Natural Search Blog


New Ranking Methodology for Google Image Search

The New York Times is reporting on a new research paper about Google’s new image ranking algo which apparently associates an inferred linking relationship between images and uses the PageRank method of iterating ranking values across the graph to come up with final ranking values. This “VisualRank” method was presented in a paper at the International World Wide Web Conference in Beijing this past Thursday, and the process was also reported at Techcrunch.

Coast of Santa Catalina Island, facing San Clemente
Google’s advancements in Image Search
could help keep high-value image results
like this coastal pic stay high in the SERPs
for apropos keywords, while making less-
important images rank far lower.

The new methodology is apparently very adept at weeding out less-important and less-useful images from the search results.

I have earlier reported on Google’s research into Supervised Multiclass Labeling (“SML”) which can assist with associating keywords with the actual content found within digital images. See also Search Engine Land’s article on Google’s VisualRank Paper.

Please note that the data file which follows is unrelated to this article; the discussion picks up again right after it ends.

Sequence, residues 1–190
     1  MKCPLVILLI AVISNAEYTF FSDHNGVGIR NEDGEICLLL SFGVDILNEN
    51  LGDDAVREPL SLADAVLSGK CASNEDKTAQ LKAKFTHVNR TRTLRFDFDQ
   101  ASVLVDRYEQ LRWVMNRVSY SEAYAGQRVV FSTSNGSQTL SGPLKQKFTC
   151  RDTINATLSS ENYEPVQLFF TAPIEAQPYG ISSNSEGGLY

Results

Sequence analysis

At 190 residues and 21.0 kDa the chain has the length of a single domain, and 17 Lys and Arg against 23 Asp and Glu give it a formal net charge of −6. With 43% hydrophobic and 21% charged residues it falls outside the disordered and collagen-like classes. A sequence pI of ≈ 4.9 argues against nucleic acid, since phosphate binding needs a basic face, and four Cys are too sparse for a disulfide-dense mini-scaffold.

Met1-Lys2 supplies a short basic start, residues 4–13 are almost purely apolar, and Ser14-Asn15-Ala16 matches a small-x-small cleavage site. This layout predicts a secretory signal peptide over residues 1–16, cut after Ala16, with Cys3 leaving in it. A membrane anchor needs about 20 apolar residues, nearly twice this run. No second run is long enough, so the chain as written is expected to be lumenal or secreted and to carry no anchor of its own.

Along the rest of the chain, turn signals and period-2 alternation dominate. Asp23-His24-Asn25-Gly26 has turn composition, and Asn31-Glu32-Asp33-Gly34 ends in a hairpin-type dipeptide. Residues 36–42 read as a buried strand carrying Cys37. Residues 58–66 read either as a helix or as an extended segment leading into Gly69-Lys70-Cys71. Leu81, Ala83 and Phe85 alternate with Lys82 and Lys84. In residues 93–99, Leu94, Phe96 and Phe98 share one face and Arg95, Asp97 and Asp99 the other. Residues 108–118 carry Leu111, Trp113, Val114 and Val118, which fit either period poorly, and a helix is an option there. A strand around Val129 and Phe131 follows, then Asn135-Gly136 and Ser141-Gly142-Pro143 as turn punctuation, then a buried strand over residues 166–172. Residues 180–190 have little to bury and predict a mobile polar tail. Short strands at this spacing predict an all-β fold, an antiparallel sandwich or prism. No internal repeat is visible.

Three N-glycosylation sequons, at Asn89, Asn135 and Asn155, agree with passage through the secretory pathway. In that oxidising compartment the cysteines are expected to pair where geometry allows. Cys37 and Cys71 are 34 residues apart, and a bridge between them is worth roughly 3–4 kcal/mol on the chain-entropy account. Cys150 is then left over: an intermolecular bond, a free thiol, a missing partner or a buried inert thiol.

Digital Graffiti Goes Mainstream: TIME Magazine Article

I noticed that TIME covered the laser graffiti artists of the Graffiti Research Lab this week. Nearly a year ago, I covered the phenomenon of guerrilla marketing via laser light images “drawn” on the sides of buildings at night.

Laser Message on Building, Barcelona

Having this covered in a mainstream rag like TIME is probably nearly enough to make the concept jump the shark, and the novelty element and guerrilla marketing value could be virtually annihilated by familiarity.

I’m not really complaining so much as noting the effect — and noting that the promotion value of the medium could become rapidly eroded when it’s too common. The novelty and amusement factor could give way to annoyance if laser displayed images on buildings became frequent. When a methodology hits mainstream, it’s no longer “guerrilla”. :-)

Travel Searches, Local & More Searches Turning Case-Sensitive in Google SERPs

Some of us at Netconcepts have been noticing that keyword rankings in Google search engine results pages (“SERPs”) have been turning case-sensitive for some queries lately. Search Engine Roundtable highlighted that the case sensitivity issue had been reported for queries seen in the UK, but we’ve been seeing it for queries committed from the US as well.

For instance, search for something like “fossil watches” and compare with “Fossil Watches”, and you’ll see that a few of the listings in the SERPs trade ranking positions: